Maybe it was the editor, I don't know. All writers have an identifying syntax, or voice, sometimes subtle, sometimes not so much. Some voices announce themselves at the opening sentence; or at the very least, the first paragraph. The voices of Stephen King and Peter Straub are equally unmistakable. Read two books by each and you'll recognize them forever; like 'em or not. I am a fan of both. Mr. King tells a whopping story and claims, in no way, to be churning out literature. Straub's stories have a slow build; you don't know where he's going but you know that protagonist very well by the time the band's in full swing. He sneaks up on you. King's stories begin with a bang but your relationship with the protagonist is a slow dance. A Pavane, a measured progression often ending with a crescendo where you'd least expect. Somehow these men collaborated well enough that The Talisman is nearly seamless. The voice is not one or the other, but Traveling Jack is the state of grace that binds the story, start to finish. He's on a journey from one coast to the other, slipping in and out of the America we know and a place called the Territories. The Territories, despite their unmistakable differences are, in fact, a clear reflection of who we are. Jack exits his home, leaving his mother behind, from a beach hotel closed for the season. He's twelve; on that cusp between boyhood and whatever might follow. In his progression, temporarily motherless, he reinvents himself.
Or maybe that sort of reinvention is the picking and choosing of the traits that support a broader vision. Maybe, when we leave home with the intent to become another sort of person, we believe we pluck attributes from the ether, inventing ourselves from whole cloth. This is never true, but sometimes we need very badly to believe.
But what of the people we leave behind? What do they remember, what do they love, what is missed the most? More importantly, by what methods do we retain the presence of their core?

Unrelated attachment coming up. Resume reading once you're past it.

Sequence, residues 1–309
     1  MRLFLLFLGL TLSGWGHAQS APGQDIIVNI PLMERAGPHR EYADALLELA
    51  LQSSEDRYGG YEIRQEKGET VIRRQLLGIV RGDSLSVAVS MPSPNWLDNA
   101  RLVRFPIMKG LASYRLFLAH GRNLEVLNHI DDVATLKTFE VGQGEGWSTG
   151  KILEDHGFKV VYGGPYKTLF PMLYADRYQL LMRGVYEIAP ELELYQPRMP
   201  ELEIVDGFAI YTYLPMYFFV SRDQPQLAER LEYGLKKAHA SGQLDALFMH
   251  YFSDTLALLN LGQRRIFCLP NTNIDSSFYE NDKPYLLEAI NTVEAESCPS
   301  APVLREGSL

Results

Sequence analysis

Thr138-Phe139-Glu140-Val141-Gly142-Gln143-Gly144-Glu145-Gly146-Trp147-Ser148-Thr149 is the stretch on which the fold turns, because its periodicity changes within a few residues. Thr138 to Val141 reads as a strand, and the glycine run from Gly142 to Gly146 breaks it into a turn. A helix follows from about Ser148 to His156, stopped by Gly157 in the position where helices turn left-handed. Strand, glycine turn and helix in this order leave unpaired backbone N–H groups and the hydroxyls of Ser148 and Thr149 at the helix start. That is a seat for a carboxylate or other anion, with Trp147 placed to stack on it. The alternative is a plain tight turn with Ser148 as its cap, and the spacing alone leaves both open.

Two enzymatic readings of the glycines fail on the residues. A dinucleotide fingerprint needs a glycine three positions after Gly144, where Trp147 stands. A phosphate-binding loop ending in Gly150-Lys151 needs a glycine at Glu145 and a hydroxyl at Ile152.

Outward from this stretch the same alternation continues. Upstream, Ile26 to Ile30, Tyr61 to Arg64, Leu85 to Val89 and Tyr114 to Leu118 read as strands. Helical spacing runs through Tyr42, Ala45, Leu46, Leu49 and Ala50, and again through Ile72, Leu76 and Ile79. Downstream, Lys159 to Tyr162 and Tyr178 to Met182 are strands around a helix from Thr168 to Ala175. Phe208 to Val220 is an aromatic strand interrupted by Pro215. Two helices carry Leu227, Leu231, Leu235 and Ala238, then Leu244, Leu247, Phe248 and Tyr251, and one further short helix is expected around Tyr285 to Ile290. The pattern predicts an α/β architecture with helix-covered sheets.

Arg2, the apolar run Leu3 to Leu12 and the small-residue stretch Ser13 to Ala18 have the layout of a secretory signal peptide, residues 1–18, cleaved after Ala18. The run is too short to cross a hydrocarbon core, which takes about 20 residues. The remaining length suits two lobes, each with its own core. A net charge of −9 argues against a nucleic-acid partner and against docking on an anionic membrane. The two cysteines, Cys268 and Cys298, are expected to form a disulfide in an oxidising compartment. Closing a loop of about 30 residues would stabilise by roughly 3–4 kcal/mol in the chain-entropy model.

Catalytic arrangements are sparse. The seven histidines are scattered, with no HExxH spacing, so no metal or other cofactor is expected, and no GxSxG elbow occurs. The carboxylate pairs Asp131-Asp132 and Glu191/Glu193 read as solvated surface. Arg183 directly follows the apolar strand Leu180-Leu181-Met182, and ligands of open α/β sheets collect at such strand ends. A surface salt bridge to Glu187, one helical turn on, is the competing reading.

My brother, no doubt, Traveling Jack, believes very much that he's recreated himself from whole cloth. Somehow he believes when he drove south at nineteen, he never looked back. I suppose in many ways, he did not. On the other hand, I am well aware of the lifeline he held from Florida and Arizona until the time he returned to the East Coast, and I am well aware of his presence right up until he lit out once more. When he got to Colorado, a door slammed shut. He was forty-three and I was forty-five and the bond between us, specifically, had been severed once and then marginally repaired. At the end of a five year breach, we no longer knew or understood each other. We saw what we remembered and responded from that place. This massive confusion lived just below the water line. We got creamed, both of us, rolled in the surf, coming up bloody, sand burned and confused as shit.
Just now, we can't see each other through the haze of memory and expectation; but I noticed a thing the other day. My father and I have done the same thing with Traveling Jack. We hold onto talismans of who he was in another time. Both of us hold on to the good things, leaving the normal pain of living out of the vignette. My father has held onto every medal and award his boy collected during the part of the journey Jack has labeled 'learning how to learn'. I used to think my dad kept these things as a memento of his own past; Jack being the culmination of a similar journey, one that went just so far and stopped.
I thought that until I noticed the bookends. My dad may not remember, Jack most likely will not, but those things belonged to him for ten years. He left them behind with just about everything else when he drove south. But they retain the boy who owned them. I hold the childhood memories supported by photographic evidence I can look at any time he tells me a thing didn't happen, could not have happened. I hold the photographs, I hold the memories, I break my own heart over the boy I love so much. I tell myself he's dead and gone, I believe him when he says so because it's easier than believing what hurts.
I also know it isn't true. Not any of it.
Jack will always be the boy with the heart of the sun, and I will always be that bit of magic at the tree line. You can't erase a thing like that. You can bury it deep, but you cannot kill it.
Beneath the chaos of our childhoods and the not so lost memories, I know the man and the man knows me.